The secretive Communist dictatorship of North Korea is planning to open up its economy for foreign investment this year – with the help of German business experts and lawyers, according to a report in the Frankfurter Allgemeine Zeitung.
“There’s a master plan,” one unnamed German business expert and university lecturer told the paper. “They want to open up this year.”
The report says a team of German lawyers and economic experts are involved in concrete plans to alter North Korean law to welcome investors into the country, which has been isolated from the global community since the Second World War.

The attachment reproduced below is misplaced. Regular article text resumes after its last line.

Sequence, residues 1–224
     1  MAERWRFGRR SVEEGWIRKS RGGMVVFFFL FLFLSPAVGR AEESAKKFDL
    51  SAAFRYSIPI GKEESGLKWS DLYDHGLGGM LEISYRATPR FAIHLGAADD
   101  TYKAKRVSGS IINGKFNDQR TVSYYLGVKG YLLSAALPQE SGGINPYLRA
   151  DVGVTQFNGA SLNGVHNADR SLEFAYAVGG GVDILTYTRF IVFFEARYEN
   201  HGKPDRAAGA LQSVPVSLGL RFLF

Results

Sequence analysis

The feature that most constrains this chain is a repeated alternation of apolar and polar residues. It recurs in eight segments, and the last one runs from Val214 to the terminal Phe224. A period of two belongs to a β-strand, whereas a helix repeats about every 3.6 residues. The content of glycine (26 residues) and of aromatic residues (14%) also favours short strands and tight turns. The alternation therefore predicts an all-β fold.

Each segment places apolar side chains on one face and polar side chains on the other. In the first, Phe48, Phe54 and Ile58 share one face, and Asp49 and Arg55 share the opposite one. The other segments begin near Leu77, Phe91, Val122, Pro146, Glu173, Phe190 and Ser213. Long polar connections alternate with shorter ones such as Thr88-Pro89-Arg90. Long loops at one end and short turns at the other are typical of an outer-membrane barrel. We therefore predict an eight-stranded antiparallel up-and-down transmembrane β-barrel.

In his New Year address Kim Jong Un announced radical changes intended to transform the backward nation into an “economic giant” and raise living standards for the North Korean population, which frequently suffers severe food shortages and power outages.
The strategy is likely to be based on the Vietnamese model of selecting individual businesses to invest in the country, the expert told the paper, rather than the Chinese model of targeting specific economic zones for foreign investment.
The news that German advice is being sought in Pyongyang comes amid a row in the US over plans recently announced by Google’s Chief Executive Officer Eric Schmidt to visit North Korea on what he claims is a private trip.